Until recently, I’d never heard the term full-stack designer—I’d only heard of full-stack developers. I thus asked a friend of mine working in the industry what that meant to him.

He explained the term as a developer who feels comfortable working on either the front-end or back-end using a variety of programming languages.

I filed that knowledge away and didn’t think much more about it. Cut to a few years later and I’d been in my first role at a tech startup for around two years. I worked cross-functionally on both the Marketing and Product teams, but my official title was “web designer.” This title seemed too specific to me as I worked on a variety of projects like corporate branding, responsive web design, user research, and product design. I didn’t want to be pigeonholed, but I couldn’t think of a title that wouldn’t pigeonhole me. When I sat down with my manager, he asked if I wanted to transition more specific UX track or visual design track. I didn’t have an answer and the discussion evolved into questioning what I wanted out of my design career. The only thing I knew for sure was that I didn’t want to pick only one area to specialize in because I truly enjoyed working on such a wide range of projects.

Since that discussion, this question continues to stump me. I’m sure many creatives can relate to that near-constant itch to redesign your online portfolio. Or…maybe that’s just me. Either way, every time I begin a redesign, I find myself trying on new titles. I’ve cycled through UX Designer, UX/UI Designer, Visual Designer, Digital Designer, and more. Inevitably, I end up feeling boxed in and changing it again, knowing the whole time that I am absolutely over-thinking this.

Then, last week, I stumbled across Dustin Cartwright’s article, What is a full-stack designer, and should you be one? I instantly felt a kinship with anyone who preferred being defined by the breadth of their skills, rather than by a single specialty. Turns out the article is two years old and while Cartwright predicted this title would enter the mainstream job market, I’ve yet to see a job posting for a Full-Stack Designer. This got me thinking…why didn’t this idea take off, when in the engineering world, we’ve only seen an increase in demand for full-stack developers?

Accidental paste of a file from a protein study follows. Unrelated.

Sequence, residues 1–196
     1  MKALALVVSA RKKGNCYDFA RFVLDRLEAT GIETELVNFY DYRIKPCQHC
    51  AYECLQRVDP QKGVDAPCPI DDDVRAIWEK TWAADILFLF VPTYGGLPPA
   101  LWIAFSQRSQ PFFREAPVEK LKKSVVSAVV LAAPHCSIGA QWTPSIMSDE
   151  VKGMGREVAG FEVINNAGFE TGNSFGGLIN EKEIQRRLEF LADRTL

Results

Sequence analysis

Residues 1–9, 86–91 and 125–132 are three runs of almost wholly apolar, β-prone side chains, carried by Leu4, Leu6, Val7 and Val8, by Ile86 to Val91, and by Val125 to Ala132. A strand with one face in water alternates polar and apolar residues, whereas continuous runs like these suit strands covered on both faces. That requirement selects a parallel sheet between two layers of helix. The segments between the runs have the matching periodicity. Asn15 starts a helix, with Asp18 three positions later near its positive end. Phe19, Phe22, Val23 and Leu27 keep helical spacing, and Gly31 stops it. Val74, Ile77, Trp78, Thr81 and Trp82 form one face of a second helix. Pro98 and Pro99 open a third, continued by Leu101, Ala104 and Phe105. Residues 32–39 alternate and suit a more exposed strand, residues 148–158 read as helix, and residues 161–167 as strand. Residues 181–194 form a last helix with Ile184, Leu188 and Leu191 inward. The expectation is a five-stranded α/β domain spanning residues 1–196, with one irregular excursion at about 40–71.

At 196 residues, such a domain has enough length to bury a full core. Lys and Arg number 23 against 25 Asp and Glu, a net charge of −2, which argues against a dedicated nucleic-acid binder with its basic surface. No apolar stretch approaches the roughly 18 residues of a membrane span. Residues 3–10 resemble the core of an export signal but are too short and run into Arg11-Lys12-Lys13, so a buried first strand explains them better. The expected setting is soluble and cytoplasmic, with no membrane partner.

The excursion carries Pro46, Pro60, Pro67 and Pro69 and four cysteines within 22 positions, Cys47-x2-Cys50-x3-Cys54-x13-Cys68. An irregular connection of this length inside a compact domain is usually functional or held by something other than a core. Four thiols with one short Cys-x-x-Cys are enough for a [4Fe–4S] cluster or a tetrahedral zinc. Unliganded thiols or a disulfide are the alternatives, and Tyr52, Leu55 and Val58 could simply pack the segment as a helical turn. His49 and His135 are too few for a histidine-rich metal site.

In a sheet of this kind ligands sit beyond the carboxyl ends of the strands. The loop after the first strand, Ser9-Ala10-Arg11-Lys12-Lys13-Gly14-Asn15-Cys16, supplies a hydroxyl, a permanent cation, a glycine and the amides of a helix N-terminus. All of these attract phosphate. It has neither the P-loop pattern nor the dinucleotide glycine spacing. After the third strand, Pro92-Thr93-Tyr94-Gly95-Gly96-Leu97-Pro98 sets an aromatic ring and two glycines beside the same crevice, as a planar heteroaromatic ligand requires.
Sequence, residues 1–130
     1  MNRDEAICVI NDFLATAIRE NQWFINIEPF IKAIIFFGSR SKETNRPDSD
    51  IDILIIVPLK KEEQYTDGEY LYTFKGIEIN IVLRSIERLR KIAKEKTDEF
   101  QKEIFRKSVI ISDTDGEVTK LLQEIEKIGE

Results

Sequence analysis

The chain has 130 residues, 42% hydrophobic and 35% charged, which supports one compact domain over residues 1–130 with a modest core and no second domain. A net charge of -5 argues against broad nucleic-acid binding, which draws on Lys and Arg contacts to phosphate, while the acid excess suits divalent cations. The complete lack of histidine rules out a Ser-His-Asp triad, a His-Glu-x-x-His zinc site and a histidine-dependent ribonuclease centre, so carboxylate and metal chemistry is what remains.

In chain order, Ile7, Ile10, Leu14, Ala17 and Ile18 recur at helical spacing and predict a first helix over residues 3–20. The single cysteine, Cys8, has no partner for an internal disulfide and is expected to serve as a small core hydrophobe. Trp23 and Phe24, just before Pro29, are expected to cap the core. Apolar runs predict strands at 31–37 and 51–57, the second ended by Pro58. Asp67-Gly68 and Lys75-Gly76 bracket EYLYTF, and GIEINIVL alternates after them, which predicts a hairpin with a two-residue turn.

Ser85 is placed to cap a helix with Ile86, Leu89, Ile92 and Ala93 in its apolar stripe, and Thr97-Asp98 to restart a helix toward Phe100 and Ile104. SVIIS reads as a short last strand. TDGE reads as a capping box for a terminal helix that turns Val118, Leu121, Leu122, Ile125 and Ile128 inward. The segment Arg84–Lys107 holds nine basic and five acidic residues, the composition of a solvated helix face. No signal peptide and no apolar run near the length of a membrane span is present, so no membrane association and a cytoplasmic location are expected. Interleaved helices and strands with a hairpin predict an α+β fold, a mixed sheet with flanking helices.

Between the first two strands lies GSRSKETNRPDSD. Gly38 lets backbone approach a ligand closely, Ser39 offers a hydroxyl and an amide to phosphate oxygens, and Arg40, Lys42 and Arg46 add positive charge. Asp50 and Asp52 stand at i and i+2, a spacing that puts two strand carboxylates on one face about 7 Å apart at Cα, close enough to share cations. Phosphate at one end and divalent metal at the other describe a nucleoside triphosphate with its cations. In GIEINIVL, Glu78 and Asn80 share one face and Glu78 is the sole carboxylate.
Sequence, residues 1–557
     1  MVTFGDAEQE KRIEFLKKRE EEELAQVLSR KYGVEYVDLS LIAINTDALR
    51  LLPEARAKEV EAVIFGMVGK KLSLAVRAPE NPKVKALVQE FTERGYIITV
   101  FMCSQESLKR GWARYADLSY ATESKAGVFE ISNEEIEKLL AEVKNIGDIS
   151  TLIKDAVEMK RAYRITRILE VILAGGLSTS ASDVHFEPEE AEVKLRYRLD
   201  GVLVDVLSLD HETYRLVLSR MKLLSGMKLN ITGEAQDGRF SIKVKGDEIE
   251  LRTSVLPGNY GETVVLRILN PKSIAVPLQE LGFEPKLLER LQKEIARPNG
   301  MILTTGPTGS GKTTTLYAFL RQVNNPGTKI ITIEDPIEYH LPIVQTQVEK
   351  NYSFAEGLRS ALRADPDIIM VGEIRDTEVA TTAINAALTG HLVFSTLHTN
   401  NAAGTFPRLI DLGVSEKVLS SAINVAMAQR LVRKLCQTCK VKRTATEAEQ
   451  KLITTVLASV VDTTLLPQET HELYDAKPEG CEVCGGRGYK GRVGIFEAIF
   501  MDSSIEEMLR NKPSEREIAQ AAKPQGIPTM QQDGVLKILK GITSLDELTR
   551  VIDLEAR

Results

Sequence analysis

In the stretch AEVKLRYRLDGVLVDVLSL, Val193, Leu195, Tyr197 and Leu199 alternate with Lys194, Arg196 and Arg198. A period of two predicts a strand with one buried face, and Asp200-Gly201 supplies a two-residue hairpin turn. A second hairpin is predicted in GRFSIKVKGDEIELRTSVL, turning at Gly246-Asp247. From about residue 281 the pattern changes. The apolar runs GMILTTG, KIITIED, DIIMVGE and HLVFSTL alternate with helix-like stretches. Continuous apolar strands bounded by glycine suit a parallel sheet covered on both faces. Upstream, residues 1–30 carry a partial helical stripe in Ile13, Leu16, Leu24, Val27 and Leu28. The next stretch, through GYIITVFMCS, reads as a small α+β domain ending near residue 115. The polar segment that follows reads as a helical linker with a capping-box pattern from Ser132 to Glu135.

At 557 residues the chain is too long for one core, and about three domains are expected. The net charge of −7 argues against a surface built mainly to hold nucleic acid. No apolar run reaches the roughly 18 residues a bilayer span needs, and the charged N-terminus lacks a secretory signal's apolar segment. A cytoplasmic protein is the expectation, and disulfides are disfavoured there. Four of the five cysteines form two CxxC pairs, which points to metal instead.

As is the case with any new industry term, I think the main issue is that there’s no solid definition for what a full-stack designer is or does. Based on what I know of the engineering equivalent, I would describe a full-stack designer as someone who feels comfortable working on a design project throughout its entire lifecycle. This includes contributing to initial conception and user-centered strategy through sitemaps and information architecture. From there, the designer should feel comfortable moving into UX-informed wireframes, user research and usability testing, followed by applying visual styles and eventually creating functional prototypes. And with the advent of newer prototyping tools like Sketch, InVision, and Framer, creating usable high-fidelity prototypes is no longer limited to those with just JavaScript knowledge.

Most designers are familiar with this process, with some choosing to specialize in certain areas like user research or visual design. Others, like myself, may feel comfortable contributing every step of the way while recognizing they’re not an expert in any particular discipline. In my opinion, this desire to work across the entire design lifecycle rather than focus on a single piece is what embodies the idea of the full-stack designer. I definitely wouldn’t mind if this title stuck around–as company needs continue to change and evolve, it only makes sense that our roles evolve with them.